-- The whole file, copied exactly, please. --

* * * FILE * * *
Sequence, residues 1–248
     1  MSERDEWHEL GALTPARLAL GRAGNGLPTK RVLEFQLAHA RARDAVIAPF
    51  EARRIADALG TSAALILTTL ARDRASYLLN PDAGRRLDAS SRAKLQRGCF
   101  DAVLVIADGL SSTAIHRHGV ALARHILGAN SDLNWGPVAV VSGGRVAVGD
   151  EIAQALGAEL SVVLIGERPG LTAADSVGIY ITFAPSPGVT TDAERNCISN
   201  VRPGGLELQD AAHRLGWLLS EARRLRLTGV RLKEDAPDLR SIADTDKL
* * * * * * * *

Sequence, residues 1–248
     1  MSERDEWHEL GALTPARLAL GRAGNGLPTK RVLEFQLAHA RARDAVIAPF
    51  EARRIADALG TSAALILTTL ARDRASYLLN PDAGRRLDAS SRAKLQRGCF
   101  DAVLVIADGL SSTAIHRHGV ALARHILGAN SDLNWGPVAV VSGGRVAVGD
   151  EIAQALGAEL SVVLIGERPG LTAADSVGIY ITFAPSPGVT TDAERNCISN
   201  VRPGGLELQD AAHRLGWLLS EARRLRLTGV RLKEDAPDLR SIADTDKL